The sports medicine help (open every day), along with doctors (a primary physician comes on Tuesday and an Orthopedic Surgeon comes on Wednesday) were all provided by the OTC. They also had washing machines and dryers that were free to use; you only paid for the detergent.
I checked in and was given a key to my room and a meal card, which also used hand identification. Mary drove me close to my dorm and solicited the help of an unsuspecting athlete to help carry my luggage to my 2nd floor room.
Each dorm had 3 rooms and two bathrooms. Two person bedrooms were on either end of each dorm, as were the bathrooms. Then there was a middle room with a TV, refrigerator and a couch that pulled out into a bed. Each dorm could house 5 people, so one person got stuck in the "common room." That was supposed to be my room, but I arrived with a bed still vacant. First come, first served! Each room also had a phone; three phones per dorm was about right for five women. There was a security guard at the athletes entrance 24 hours a day, and they also had other security personnel roaming the grounds continuously. This made the OTC pretty safe, so everyone just left their bikes outside their rooms. Bikes were not allowed inside the dorms (there wouldn’t be room for them even if they were allowed inside).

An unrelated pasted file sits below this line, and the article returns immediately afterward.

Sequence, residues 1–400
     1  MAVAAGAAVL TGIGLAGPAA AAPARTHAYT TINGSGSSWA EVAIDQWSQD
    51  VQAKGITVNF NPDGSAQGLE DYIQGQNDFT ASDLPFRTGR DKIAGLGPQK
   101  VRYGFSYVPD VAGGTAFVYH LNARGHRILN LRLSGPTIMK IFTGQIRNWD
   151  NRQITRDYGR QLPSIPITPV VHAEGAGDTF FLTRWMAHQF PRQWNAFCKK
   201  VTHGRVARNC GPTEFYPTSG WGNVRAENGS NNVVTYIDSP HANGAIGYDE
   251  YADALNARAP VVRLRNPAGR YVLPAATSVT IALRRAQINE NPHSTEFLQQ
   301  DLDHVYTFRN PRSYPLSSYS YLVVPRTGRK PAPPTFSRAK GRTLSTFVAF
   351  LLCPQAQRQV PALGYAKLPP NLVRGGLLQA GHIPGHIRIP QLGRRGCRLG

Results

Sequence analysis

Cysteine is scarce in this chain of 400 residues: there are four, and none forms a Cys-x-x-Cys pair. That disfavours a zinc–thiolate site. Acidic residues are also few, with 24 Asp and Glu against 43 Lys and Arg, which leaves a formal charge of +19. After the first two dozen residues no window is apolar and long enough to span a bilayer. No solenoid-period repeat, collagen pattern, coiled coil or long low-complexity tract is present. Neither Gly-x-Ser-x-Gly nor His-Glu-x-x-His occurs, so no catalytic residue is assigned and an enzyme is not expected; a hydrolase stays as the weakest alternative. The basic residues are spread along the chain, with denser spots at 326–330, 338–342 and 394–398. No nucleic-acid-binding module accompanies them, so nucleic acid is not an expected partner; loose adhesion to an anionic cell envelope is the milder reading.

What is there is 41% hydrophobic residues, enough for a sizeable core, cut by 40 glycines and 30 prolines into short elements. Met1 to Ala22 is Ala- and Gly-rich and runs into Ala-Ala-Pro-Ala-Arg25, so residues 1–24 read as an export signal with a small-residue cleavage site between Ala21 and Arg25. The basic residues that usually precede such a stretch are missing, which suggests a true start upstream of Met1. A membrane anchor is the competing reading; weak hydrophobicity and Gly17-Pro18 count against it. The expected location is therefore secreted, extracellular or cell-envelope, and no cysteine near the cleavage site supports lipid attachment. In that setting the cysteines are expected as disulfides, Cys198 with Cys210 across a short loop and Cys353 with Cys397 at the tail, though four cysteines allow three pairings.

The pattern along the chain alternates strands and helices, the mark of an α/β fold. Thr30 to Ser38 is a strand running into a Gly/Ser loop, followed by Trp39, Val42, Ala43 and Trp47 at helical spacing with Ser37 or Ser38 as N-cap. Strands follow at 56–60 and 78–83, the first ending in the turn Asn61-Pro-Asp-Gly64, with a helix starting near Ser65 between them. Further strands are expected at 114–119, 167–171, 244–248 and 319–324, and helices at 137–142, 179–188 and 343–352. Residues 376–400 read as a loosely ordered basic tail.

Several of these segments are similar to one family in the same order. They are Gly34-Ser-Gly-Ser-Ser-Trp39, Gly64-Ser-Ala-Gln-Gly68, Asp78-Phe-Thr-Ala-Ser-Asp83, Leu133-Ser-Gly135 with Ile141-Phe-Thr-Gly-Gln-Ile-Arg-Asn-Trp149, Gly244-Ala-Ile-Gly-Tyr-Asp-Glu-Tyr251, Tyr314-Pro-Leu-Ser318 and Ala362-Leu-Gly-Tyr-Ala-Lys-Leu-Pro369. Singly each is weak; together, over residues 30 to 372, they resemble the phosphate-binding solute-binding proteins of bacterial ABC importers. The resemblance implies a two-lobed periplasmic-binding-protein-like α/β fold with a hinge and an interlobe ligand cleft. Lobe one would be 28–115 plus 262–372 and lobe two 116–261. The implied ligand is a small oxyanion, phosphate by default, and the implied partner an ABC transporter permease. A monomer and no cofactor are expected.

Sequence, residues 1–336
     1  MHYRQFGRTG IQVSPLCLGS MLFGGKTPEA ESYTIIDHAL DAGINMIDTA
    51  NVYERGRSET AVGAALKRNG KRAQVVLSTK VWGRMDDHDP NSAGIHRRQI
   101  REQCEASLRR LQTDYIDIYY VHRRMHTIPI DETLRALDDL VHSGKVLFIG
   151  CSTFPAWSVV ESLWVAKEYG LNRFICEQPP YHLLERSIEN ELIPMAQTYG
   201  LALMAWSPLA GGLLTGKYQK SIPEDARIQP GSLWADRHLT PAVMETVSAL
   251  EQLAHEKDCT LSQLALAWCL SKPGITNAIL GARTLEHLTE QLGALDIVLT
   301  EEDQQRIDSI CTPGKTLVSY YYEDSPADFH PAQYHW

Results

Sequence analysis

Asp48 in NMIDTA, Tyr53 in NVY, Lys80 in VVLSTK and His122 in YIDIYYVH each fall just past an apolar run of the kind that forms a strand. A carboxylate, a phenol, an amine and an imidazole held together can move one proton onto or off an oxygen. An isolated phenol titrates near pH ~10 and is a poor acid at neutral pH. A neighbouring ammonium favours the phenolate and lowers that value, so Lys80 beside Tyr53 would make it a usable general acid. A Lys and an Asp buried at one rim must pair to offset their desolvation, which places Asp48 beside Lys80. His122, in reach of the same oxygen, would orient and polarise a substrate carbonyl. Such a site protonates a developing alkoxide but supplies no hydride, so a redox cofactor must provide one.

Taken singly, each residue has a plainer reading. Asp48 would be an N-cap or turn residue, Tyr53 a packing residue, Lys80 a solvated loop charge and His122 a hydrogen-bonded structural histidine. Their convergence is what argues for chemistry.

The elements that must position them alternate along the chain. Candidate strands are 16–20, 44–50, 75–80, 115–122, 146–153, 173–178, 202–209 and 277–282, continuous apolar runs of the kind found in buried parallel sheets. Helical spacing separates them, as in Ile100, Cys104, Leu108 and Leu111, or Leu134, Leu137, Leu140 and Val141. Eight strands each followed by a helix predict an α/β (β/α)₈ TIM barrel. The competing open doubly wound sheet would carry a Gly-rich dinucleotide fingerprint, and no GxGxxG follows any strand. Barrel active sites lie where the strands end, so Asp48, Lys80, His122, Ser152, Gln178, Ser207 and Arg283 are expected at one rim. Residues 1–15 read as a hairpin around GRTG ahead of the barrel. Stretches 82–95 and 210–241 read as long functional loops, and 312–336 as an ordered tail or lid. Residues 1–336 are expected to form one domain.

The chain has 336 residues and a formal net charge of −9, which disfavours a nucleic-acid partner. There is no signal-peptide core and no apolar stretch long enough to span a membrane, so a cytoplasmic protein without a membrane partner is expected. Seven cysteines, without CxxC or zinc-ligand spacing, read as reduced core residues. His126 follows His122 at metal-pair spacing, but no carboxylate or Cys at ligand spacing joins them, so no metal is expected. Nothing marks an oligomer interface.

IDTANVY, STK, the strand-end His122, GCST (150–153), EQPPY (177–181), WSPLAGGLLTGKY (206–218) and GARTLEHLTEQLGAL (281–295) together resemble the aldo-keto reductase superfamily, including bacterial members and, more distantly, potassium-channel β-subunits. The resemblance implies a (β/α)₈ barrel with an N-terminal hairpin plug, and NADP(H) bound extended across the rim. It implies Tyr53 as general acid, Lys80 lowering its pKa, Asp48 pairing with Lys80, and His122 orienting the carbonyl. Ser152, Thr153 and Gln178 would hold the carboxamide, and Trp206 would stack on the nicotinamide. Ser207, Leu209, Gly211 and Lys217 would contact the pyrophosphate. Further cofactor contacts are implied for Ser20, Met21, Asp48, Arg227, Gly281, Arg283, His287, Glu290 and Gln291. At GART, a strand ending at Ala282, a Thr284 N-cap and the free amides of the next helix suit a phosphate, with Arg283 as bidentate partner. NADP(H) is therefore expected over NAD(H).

The cafeteria was the best part. It was open from 7 a.m.-8 p.m., with hot meals served during breakfast, lunch, and dinner hours. However, there was always fruit, cereal, drinks, sandwich stuff, desserts and ice cream available throughout the day. You could go to the cafeteria as many times a day as you wanted. I only went for the three meals, but still the concept is great, especially for athletes. The food was also really good. They had great fresh fruit, desserts, bagels, salad, soups and entrees. The OTC was sponsored by a naturally lite beef company, so lean cuts of beef were served almost daily. They also had an abundance of chicken and fish. They were considerate of those watching their fat intake, with fat-free alternatives; fat-free frozen yogurt, and many other items were made low fat.